It can’t be fun being labeled a patent troll these days. Due to intense lobbying on the part of factions of the high tech sector, reform and regulation of the patent system continues on the federal and state levels of government to make life more difficult for Non Practicing Entities (NPEs). On the federal level, Congress, the White House and Supreme Court are all involved in contributing their part in the patent system “reform”. Various state governments are proactively taking on the patent system under state consumer protection laws, even though their efforts may face preemption from the federal legislative and judicial branches.
The US House fast tracked a comprehensive bill dubbed the “Innovation Act
” just before the Christmas recess last year. The Act would move the US patent system towards a loser-pays regime, to the possible detriment of small and independent patent holders. In contrast, the Senate is now considering another bill, the Transparency in Assertion of Patents Act
, S. 2049 that directly targets demand letters; delegating extensive enforcement authority to the Federal Trade Commission and state attorneys general to regulate them. The Senate bill has gathered criticisms from industry organizations like the Innovation Alliance
, a group that includes among its supporters small as well as large patent holders with a stake in initiating licensing negotiations through demand letters Sponsors of the bill claim it targets abusive patent trolling in the pre-litigation stage, yet the Innovation Alliance and its members argue its "one-size fits all" approach is too broad and may harm the licensing market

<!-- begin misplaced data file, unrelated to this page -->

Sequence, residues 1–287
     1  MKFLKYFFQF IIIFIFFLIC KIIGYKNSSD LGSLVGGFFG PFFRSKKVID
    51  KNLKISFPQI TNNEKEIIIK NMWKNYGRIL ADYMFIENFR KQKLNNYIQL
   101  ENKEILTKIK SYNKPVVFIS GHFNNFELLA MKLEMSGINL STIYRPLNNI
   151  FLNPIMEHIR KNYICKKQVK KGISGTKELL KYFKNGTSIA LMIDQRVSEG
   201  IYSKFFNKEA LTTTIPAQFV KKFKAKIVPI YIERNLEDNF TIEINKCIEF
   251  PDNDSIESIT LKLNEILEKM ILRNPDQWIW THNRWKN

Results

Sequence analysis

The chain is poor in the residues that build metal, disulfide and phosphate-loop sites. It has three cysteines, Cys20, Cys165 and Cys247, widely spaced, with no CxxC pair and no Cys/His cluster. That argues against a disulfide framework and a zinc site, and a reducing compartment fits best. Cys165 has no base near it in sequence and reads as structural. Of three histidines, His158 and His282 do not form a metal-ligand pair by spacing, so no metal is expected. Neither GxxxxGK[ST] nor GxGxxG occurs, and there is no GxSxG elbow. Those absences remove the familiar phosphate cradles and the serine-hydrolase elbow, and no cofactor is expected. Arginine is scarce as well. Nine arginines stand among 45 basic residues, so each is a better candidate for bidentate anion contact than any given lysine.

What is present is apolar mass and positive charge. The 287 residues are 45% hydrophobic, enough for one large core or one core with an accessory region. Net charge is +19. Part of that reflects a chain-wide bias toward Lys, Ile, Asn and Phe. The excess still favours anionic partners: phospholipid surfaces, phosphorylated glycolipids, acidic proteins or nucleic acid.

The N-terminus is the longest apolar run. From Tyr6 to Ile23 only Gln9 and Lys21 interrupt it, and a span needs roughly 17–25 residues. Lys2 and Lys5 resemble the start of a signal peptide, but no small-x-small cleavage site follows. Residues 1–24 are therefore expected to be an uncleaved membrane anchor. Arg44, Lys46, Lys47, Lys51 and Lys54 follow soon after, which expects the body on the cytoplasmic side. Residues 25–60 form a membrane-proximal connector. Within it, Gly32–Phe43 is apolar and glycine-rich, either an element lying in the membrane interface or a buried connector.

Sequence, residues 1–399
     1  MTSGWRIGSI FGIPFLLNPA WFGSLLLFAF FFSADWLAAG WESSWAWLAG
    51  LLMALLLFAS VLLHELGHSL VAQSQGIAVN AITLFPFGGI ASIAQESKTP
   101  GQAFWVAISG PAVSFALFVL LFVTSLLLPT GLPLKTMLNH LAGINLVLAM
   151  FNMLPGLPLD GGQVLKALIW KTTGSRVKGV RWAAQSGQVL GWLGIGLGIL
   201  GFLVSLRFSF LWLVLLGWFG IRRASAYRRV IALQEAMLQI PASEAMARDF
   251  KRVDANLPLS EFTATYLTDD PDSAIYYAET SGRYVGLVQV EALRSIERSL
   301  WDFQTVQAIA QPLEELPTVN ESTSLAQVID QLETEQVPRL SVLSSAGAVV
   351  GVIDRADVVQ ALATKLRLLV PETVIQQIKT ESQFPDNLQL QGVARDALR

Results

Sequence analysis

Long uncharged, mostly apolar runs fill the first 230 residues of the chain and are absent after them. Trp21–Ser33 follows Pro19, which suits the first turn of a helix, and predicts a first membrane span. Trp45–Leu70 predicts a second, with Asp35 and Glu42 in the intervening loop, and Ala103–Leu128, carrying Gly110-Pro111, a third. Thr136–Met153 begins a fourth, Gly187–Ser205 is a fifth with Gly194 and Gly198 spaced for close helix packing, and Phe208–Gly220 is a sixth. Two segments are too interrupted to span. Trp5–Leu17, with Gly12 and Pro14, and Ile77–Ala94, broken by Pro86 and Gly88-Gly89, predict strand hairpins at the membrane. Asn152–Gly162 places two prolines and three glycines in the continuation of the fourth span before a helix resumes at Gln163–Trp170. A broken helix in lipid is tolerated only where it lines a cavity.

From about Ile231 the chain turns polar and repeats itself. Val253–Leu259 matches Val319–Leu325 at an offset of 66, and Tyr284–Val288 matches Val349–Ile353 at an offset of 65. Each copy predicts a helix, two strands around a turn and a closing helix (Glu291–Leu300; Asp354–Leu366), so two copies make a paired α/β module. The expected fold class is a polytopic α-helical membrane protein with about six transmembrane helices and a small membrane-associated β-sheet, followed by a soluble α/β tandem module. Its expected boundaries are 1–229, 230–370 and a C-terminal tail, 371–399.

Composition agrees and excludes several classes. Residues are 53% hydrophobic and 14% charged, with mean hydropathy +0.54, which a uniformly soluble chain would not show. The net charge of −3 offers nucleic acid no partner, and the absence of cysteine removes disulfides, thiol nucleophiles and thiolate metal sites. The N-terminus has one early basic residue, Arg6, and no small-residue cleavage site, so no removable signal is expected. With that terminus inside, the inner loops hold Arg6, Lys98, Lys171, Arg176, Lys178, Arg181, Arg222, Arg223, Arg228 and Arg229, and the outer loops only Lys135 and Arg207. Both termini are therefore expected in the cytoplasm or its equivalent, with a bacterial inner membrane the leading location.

as an unintended consequence. Without a regulatory environment conducive to licensing negations, the only recourse for patent holders is litigation.
Not content to be left behind, the White House announced a new series of Executive Actions on the patent system that contains several anti-troll related measures. However, industry observer Gene Quinn from IPWatchdog notes that the Executive Actions are "much ado about nothing." Additionally, in a bizarre twist, even the USPTO – whose mission is to grant patents and support their very existence- has published a series of FAQ
s on its official website to help “victims” targeted by NPEs fight back. The FAQ only answers questions from the point of view of possible patent infringers, rather than that of patent holders whose patents are infringed; a glaring detail noted
by patent industry observers.
On the judiciary side, the US Supreme Court is currently hearing oral arguments
in Octane Fitness v. Icon Health & Fitness
and in Highmark v. Allcare Health Mgmt.
These cases address “fee shifting” for exceptional cases and the level of deference afforded to district court decisions on appeal under 35 U.S. Code § 285. Fee shifting is one of the few topics on which there is general consensus for patent litigation reform, although the optimal standards to adopt may differ between parties. Thus, it is somewhat surprising that while the Supreme Court hears two fee shifting cases, that the US and state Congresses are crafting fee shifting legislations without letting the Court proceedings take their course. So we could end up with some confusing mess if they reach opposite conclusions.
When it rains, it pours; individual States are also jumping on the troll bandwagon. On February 24, 2014, the attorneys general (AGs) of 42 states and territories sent a letter